Kilimanjaro & Health Issues
It’s important to note some of the health difficulties that some climbers face while climbing Mount Kilimanjaro.
Altitude sickness is one of the most common problems that climbers face on their route to the top of Kilimanjaro. Malaria prophylaxis is another factor that might affect your performance. This section provides health issues and treatment while climbing Mount Kilimanjaro.
Acute Mountain Sickness (AMS)
Acute Mountain Sickness, also known as “Altitude Sickness,” is the most widely recognized medical problem. It is commonly encountered at exceptionally high altitudes, such as the Gilman’s Point, Stella Point, or the Summit of Kilimanjaro.
The symptoms of AMS include:
- Rapid pulse
- Swelling of the hands and feet
- Reduced urine output.
Climbers can take precautions to reduce the severity of the illness by maintaining a slow, steady pace day one. Include an extra day of acclimatization at a high altitude, and consume at least 3-4 liters of water every day. When AMS strikes, the best treatment is to get the individual to a lower altitude as soon as possible. In many cases, a drop of only 500m will be sufficient.
Preventative medication is also available, and you should seek your doctor for advice.
The fluid build-up may cause a condition known as edema, which can damage the lungs (pulmonary), preventing proper oxygen exchange, or affect the brain (cerebral), resulting in swelling of the brain tissue.
If not treated promptly or if symptoms are neglected, the latter can be fatal. Approximately 70% of all climbers on Kilimanjaro will get AMS to some degree. You should get familiar with this illness and take precautions to avoid it.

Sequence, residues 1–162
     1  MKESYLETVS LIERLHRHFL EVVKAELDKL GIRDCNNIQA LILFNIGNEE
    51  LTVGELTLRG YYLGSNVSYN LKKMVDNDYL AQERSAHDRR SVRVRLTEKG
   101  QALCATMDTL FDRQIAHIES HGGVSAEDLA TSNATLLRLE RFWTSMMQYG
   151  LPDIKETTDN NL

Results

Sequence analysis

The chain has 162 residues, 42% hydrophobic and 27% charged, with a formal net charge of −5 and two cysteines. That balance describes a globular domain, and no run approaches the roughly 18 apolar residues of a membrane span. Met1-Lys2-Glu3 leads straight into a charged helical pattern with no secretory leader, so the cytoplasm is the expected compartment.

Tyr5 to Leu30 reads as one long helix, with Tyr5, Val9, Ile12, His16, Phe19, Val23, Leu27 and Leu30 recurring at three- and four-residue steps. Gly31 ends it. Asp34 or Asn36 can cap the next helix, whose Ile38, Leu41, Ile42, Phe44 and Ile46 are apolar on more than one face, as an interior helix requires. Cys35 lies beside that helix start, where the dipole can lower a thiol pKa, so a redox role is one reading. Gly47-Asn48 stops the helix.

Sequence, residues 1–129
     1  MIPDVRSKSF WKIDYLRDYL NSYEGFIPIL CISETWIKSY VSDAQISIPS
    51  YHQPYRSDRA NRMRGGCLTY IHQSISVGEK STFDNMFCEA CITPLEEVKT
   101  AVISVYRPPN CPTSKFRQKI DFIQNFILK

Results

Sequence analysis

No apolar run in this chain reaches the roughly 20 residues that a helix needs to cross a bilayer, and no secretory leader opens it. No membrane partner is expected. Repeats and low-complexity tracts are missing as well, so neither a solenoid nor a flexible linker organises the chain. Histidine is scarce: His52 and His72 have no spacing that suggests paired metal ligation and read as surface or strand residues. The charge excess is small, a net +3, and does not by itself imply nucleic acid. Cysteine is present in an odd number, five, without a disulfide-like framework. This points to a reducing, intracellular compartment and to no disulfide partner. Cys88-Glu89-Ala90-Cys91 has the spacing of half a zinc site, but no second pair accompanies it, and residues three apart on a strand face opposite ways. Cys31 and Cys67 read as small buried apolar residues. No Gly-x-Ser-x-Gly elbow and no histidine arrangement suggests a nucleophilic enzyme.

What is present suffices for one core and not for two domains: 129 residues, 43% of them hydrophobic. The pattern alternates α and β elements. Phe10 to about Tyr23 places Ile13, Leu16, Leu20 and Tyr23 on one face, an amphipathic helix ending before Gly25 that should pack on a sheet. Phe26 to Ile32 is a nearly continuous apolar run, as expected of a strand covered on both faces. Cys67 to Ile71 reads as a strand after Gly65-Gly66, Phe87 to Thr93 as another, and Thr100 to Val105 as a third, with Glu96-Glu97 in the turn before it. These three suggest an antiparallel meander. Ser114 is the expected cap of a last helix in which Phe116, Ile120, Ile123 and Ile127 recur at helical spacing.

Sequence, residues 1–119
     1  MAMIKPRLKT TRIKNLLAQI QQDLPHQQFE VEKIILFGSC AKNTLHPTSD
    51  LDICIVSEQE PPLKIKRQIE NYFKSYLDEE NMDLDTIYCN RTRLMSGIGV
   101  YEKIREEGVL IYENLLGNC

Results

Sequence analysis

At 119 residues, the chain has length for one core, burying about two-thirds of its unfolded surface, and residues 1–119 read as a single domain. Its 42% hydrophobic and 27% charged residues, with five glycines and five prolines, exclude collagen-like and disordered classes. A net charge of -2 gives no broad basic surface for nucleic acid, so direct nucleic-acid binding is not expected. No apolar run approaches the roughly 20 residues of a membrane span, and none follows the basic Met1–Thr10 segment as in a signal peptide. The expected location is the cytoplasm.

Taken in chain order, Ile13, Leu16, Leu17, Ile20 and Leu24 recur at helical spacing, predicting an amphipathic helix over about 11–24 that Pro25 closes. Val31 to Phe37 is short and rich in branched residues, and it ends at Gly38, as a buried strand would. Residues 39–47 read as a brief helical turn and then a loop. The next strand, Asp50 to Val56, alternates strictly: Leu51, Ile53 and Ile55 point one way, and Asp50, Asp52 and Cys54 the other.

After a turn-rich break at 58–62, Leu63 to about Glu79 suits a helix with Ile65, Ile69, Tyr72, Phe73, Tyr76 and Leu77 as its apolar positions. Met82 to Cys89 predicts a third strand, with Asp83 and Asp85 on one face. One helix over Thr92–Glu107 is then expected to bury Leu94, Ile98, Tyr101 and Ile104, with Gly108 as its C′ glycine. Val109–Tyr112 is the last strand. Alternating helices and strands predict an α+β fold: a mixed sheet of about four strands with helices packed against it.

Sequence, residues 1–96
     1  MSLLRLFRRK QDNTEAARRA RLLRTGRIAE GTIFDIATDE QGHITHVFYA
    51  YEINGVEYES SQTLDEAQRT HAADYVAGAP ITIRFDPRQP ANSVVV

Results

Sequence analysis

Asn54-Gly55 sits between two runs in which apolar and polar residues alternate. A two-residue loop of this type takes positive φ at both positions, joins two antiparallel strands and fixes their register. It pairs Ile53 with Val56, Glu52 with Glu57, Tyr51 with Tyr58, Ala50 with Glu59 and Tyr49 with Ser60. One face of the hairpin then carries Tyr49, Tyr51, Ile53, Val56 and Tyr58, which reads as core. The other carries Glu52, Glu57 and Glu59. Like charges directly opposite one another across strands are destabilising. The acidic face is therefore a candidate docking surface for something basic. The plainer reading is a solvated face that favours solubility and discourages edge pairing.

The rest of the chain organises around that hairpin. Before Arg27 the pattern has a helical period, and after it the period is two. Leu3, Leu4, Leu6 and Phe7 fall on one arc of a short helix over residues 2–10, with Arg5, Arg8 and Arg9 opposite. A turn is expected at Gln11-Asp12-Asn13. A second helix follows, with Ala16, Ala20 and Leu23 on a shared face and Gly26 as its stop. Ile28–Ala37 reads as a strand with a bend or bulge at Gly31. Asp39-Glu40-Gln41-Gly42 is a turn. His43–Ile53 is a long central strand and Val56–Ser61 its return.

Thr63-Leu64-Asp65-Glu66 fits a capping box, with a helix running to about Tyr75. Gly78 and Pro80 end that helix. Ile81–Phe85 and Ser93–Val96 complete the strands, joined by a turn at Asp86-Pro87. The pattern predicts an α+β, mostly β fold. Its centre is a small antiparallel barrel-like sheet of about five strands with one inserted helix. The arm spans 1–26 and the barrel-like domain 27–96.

Hypothermia or exposure happens when the body’s core temperature drops significantly. Prevention is the best cause of action for Hypothermia.
The symptoms of Hypothermia include:
- Slurring of speech
- Clumsy actions
The correct garments and clothing are critical in anticipation of Hypothermia. Do not allow your dress to get wet either by sweat or from the rain.
Hypothermia is a very simple condition to treat. Get the victim into a covered area as soon as possible, remove any wet clothes, and lay the victim within two or three sleeping bags, ideally with another person to assist in keeping the victim warm.
Sun related injuries
Below the altitude of 5000 meters, around 55 percent of the earth’s protective atmosphere is found. Because far less UV radiation is filtered out, the sun’s rays are significantly more intense, potentially causing severe sunburn.
- Redness of the skin
- Skin pain
- Swelling of skin
- Extreme thirst
Prevention and treatment
A 20+ sun protection cream is strongly advised at lower altitudes, but beyond 3000m, a whole block cream is recommended. When walking on snow or ice, it’s also important to wear dark sunglasses, particularly with side panels, if you’re above 4000m. Snow blindness is extremely painful and requires bandaging of your eyes for at least 24 hours.
If you already have a respiratory tract infection, such as a cold, your chances of getting altitude sickness rise. If you have the flu, wait until you are fully healed before traveling.
- Respiratory tract infections (pharyngitis/tonsillitis and laryngitis)
- Ear infection
Prevention and Treatment
According to some studies, limited exercise may not affect the severity of sickness, but the intensity of a Kilimanjaro trip may jeopardize your recovery. Getting sufficient rest is recommended.